Students who ‘fail’ higher level should get points for effort
Proposal aims to encourage Leaving Cert students to stick to honours courses
A discussion paper by the Irish Universities Association has also proposed to offer bonus points to students who excel in subjects directly related to their college courses, and an end to the Irish language requirement for courses taught through English at NUI colleges. Photograph: Alan Betson / The Irish Times
A universities’ working group on reforming the college entry system has proposed allocating compensatory points for students who score below the existing 40 per cent pass grade in higher level papers.
The proposal is aimed at encouraging Leaving Cert students to opt for higher level subjects and then stick the course, rather than dropping to ordinary level when they find the going tough.
Other proposals, under discussion within universities, including offering bonus points to students who excel in subjects directly related to their college courses, and an end to the Irish language requirement for courses taught through English at NUI colleges.
The suggestions have been put forward by the Irish Universities Association (IUA) task force on reform of university selection and entry, although its chairman NUI Maynooth president Professor Philip Nolan stressed today “it’s a very early discussion paper”.
Of the proposal to award points to students who score between 30 per cent and 39 per cent in higher papers, he said: “I know people will say: How can you award points for a fail? But another way of looking at it is if you made the effort to engage with a subject at a higher level then that is good for your learning.
“If you got 35 per cent at higher level physics that might be as good as 55 per cent at ordinary level physics. So I think it’s important that we de-risk. If a student is not an A student but a C student they will learn more and challenge themselves more by taking the higher level course, and it seems an awful shame that if they just miss out on the D they would get absolutely nothing for that.”
“People do fetishise or place great importance on 40 per cent but what really is the difference between 37 per cent and 43 per cent and does it justify going from 40 per cent to 0 per cent [in terms of points]?”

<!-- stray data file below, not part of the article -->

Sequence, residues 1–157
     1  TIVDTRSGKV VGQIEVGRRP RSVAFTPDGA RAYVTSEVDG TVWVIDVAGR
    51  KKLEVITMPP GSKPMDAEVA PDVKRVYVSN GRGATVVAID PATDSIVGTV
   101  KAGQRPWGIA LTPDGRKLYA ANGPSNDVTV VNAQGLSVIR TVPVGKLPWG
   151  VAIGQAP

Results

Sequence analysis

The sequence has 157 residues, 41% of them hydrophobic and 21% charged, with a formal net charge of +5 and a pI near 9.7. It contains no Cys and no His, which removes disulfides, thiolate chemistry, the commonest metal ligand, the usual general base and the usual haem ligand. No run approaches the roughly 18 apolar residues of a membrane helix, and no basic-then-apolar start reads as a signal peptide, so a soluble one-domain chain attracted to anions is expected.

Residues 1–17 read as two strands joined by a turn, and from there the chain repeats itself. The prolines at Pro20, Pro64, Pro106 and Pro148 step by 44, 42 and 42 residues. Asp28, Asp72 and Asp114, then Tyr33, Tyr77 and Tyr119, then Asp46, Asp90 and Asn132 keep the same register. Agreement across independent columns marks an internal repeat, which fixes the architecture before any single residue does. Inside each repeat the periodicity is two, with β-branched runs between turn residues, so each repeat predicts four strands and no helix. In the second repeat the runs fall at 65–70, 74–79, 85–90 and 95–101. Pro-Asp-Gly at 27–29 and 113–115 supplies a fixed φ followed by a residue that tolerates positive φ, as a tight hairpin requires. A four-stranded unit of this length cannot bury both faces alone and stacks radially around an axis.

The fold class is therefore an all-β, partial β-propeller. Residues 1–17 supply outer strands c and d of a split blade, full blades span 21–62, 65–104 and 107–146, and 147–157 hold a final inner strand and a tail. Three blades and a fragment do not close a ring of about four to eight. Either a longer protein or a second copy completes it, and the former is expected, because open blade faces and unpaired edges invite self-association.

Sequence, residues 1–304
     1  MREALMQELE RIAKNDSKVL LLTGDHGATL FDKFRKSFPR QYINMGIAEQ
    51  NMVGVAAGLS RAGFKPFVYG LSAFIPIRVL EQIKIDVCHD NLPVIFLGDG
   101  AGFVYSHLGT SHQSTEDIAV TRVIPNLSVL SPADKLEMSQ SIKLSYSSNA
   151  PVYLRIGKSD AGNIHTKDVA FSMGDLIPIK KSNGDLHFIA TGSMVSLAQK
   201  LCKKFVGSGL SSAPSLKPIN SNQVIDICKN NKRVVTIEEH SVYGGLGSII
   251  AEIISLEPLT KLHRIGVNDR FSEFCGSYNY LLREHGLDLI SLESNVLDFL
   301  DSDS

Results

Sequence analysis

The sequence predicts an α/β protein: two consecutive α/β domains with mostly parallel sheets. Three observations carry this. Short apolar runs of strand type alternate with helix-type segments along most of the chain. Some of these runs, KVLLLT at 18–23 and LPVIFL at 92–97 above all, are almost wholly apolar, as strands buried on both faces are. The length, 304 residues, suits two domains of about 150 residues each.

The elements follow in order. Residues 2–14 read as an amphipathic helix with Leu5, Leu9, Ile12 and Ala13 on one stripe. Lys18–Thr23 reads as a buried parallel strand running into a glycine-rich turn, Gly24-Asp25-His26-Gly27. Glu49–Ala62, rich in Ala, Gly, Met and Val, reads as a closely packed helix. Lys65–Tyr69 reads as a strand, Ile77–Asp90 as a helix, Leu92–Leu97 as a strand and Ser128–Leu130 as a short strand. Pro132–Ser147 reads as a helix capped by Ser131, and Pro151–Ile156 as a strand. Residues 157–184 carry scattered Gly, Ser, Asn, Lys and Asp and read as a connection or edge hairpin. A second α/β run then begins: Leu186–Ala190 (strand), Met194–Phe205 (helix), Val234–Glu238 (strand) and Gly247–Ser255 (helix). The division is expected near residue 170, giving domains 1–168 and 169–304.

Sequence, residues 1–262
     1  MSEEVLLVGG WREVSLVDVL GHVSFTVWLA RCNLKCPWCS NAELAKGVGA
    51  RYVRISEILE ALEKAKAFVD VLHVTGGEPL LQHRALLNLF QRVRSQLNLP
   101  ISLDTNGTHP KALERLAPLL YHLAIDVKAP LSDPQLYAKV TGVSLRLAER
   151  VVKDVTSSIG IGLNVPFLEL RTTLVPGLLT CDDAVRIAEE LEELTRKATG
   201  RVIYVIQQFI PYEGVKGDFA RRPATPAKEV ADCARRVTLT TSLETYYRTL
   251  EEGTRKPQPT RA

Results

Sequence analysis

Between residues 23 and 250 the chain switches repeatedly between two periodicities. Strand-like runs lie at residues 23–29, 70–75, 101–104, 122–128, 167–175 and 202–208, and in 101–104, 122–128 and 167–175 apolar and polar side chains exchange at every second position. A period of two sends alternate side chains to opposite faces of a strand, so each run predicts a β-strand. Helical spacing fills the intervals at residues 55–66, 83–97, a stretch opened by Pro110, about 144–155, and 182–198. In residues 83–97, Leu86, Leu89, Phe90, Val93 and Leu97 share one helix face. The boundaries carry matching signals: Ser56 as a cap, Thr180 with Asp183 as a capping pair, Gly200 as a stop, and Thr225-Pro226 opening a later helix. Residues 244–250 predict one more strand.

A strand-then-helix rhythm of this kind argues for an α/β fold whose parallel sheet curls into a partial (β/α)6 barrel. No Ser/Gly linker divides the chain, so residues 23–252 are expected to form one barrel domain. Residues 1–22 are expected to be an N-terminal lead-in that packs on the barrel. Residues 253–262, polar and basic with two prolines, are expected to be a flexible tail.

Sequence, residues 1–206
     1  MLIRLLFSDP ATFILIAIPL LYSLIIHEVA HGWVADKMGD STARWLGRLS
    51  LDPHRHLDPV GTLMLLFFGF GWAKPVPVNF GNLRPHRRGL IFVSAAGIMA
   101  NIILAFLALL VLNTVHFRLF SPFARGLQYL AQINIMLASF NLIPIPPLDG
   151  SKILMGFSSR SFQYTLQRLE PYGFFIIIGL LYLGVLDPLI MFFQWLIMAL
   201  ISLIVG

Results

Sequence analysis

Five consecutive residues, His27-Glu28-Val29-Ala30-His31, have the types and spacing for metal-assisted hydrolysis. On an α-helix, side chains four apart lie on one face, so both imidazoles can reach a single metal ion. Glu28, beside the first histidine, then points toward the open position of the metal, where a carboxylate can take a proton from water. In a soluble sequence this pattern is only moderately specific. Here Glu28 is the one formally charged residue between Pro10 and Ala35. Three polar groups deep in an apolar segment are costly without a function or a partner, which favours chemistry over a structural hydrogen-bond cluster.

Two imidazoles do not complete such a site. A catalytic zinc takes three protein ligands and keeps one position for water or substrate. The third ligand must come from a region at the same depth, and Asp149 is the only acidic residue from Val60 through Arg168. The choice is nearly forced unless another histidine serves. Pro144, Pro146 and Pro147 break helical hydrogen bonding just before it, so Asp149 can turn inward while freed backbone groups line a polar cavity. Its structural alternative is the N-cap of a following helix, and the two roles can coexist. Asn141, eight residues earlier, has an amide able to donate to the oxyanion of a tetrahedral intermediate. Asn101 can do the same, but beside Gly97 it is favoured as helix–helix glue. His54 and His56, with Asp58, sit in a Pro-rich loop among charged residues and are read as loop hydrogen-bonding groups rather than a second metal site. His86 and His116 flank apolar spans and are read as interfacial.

The pattern of students dropping from higher to ordinary level because of fear of failure is particularly pronounced in mathematics.
Since the introduction in 2012 of 25 bonus points for a pass in higher-level maths, the number of students sitting the paper has risen from one in five Leaving Cert candidates to one in three. But typically between 2,000 and 3,000 students drop down to the ordinary paper on the day as it is perceived as the safer option.
While D3 (40-44 per cent) in higher level maths will earn a student 70 points in the CAO system, below that there is no score. In contrast, an A1 at ordinary level will earn 60 points.
The latest proposals were circulated to university academic councils before the summer and further consultations will take place before Christmas before any recommendations are agreed.
A departmental steering group on reforming the “transition” between second and third levels has already recommended an end to the 14-band grading system and its replacement with an eight-band system to try to combat negative effects of the “points race”.
Under the planned new scale, earmarked for 2017, scores between 90 and 100 would receive a grade H1 for higher papers and O1 for ordinary papers; 80-89 H2/O2; 70-79 H3/O3; 60-69 H4/O4; 50-59 H5/O5; 40-49 H6/O6; 30-39 H7/O7; and 0-29 H8/O8.
The IUA task group now proposes to “incentivise students to take subjects at higher level by awarding points for the new H7 grade”.
It also proposes that the points awarded at higher and ordinary level be adjusted to ensure they reflect workload and difficulty, and that points be adjusted “if there is evidence that some subjects are better predictors of success at third level or are harder or easier than others”.
Overall, the task group says it “strongly recommend that the reform process should minimise perverse incentives influencing students’ choice of subjects and levels, and should encourage students to engage with subjects that are suited to their aptitudes and talents, challenging, relevant to their life plans, and which they will enjoy”.
Prof Nolan said “not everything in the paper is necessarily going to happen” but the group was looking forward to hearing the further views of stakeholders.